- Semester: Fall 2023
- Course ID: 389V
- Credit Hours: 3
- Grading Method: Pass/Fail Allowed (JD only)
- Cross-listed Dept: Public Affairs
- Will not use floating mean GPA
- Upperclass-only elective
|THU||2:00 - 5:00 pm||SRH 3.314|
This course will involve intensive team research projects to identify and catalogue positive culture change developments in prisons and jails across the United States. While correctional institutions remain dangerous places that harm the people who live and work inside them, there are pockets of good things happening in an effort to shift the culture of these facilities and provide a safer and healthier environment. For example, there are a number of prisons that have been trying to implement innovative practices modeled on the Scandinavian correctional system. Other agencies have begun prison arts programs or prisoner-run radio stations, to mention just a few of these kinds of changes. The goal of this project is to track down these types of initiatives, both large and small, and to gather information about them in a single detailed public-facing database so as to enable other jurisdictions, policy-makers, and advocates to be inspired and to use these initiatives as models for change. Our efforts to elevate these initiatives will also serve to support correctional leaders who are trying out new ways to help improve the correctional environment, an uphill battle for many of these directors.
This project is being conducted in collaboration with the Prison and Jail Innovation Lab (PJIL) at the LBJ School. PJIL is a national policy resource center focused on ways to improve the safe and humane treatment of people in custody. Course instructors Michele Deitch and Alycia Welch serve, respectively, as Director and Associate Director of PJIL. The database that our class will be preparing will be published on an online resource website that PJIL is developing.
The first few weeks of the course will involve substantive classes and a few assigned readings to provide students with the necessary background for their research project. After that, the class will function more informally, with regular meetings between student teams and the instructor to ensure ongoing progress. Teams will likely each consist of three or four students. Students will be investigating practices all over the country, and will have the opportunity to speak with experts and practitioners as part of their research.
Although this is considered an “advanced” class, there is no prerequisite for the course. However, students should be prepared to engage in substantial research and writing, and should be comfortable working in teams on a significant project. While a background in criminal justice or corrections is not required for the class, it would certainly be helpful.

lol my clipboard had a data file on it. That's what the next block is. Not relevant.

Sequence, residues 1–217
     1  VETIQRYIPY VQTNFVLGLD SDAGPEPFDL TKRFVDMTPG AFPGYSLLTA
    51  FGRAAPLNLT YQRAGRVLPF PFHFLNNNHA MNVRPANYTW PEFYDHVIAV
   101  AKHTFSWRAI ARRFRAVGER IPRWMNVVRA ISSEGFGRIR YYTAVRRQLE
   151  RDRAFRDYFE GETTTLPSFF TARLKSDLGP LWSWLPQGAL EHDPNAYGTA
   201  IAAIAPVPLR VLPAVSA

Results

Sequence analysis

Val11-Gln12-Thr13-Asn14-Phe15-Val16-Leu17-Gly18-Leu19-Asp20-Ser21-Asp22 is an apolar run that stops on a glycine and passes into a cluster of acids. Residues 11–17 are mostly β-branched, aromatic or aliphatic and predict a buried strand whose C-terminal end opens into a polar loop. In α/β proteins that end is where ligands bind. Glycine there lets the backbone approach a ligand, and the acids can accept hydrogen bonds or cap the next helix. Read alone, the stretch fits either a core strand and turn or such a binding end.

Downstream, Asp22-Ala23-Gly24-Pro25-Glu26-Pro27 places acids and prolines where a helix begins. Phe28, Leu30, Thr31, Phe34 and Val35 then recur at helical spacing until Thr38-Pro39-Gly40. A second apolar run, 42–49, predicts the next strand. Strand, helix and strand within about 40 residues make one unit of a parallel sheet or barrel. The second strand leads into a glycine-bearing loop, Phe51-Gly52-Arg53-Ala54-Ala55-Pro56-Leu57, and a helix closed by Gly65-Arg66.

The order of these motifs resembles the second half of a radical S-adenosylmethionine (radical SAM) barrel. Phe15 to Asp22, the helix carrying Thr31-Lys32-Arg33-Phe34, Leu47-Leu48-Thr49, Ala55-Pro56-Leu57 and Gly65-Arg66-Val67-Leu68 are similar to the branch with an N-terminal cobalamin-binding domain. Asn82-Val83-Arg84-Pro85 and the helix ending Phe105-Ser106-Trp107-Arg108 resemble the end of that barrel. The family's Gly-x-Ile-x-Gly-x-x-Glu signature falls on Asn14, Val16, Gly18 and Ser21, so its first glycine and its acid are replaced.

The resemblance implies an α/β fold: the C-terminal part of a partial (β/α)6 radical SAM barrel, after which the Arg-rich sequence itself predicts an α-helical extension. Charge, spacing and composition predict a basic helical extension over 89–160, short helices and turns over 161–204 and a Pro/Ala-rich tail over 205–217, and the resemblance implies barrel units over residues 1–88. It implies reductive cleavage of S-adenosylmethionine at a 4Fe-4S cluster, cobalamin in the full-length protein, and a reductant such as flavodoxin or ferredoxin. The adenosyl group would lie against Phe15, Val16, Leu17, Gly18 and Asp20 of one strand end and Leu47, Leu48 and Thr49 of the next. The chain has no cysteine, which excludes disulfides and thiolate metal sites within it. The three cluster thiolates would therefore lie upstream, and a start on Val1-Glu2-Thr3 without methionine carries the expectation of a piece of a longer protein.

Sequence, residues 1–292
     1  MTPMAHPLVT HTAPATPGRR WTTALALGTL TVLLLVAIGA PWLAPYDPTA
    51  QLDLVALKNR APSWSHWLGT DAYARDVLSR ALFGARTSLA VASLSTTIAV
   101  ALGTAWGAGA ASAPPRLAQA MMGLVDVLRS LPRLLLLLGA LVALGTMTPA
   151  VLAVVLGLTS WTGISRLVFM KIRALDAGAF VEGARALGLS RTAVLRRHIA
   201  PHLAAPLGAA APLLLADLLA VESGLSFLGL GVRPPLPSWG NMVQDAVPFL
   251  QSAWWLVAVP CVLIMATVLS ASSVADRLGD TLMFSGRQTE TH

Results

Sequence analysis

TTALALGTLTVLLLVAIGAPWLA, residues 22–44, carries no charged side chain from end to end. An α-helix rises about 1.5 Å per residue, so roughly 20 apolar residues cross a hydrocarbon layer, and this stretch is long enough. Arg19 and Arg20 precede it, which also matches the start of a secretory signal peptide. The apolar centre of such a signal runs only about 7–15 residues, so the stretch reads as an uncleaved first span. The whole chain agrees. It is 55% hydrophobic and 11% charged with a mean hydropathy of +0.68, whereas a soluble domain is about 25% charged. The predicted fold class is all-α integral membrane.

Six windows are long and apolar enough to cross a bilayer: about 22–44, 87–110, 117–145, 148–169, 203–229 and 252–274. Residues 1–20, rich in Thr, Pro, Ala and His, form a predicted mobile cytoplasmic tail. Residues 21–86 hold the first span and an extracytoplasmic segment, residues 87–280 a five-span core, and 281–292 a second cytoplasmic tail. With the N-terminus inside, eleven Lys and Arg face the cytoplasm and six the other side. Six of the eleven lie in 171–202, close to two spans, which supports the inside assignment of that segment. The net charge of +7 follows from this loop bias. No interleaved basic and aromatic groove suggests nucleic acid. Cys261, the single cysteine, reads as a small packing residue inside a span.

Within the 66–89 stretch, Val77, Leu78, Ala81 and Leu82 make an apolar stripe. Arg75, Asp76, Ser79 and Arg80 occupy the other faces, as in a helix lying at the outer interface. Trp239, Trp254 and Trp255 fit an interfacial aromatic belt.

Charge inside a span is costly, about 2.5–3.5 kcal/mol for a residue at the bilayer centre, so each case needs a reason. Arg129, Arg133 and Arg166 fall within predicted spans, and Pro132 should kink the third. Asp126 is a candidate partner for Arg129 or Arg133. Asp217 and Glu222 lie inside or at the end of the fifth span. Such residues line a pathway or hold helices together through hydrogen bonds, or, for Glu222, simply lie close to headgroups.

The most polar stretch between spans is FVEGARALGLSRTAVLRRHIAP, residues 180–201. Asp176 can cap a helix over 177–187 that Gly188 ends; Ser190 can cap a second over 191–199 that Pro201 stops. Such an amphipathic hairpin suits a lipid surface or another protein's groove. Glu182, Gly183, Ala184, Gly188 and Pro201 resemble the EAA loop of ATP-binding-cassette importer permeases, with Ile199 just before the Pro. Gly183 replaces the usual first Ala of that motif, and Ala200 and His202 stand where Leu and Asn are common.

Through this class, students will develop skills in conceptualizing, conducting, and completing a significant research project that will be of use to policymakers, corrections practitioners, journalists, and advocates. They will learn how to research and write for a policy audience, and will learn about positive developments in correctional administration and management. Students will also improve their teamwork and project management skills.
Course Requirements and Grading
Students are expected to attend all classes and team meetings, participate fully in the group work activities, submit work to their teammates in a timely manner, and produce work products that are well-written, accurate, and responsive to the assignments. Each team will produce a variety of work products, including a spreadsheet with details about their findings, short write-ups about each initiative, short reports about the types of initiatives identified, and possibly some other documents as well. Teams may also be asked to conduct an oral briefing about their research.
Students will be graded on the basis of the quality of their individual contributions to the group project, the overall group project (a team grade), and on class participation. Students will also be asked to submit a self-assessment as well as an assessment of their fellow team members’ participation in the group work.
This course is cross-listed between the LBJ School and the Law School, which will allow for an interdisciplinary approach to this topic.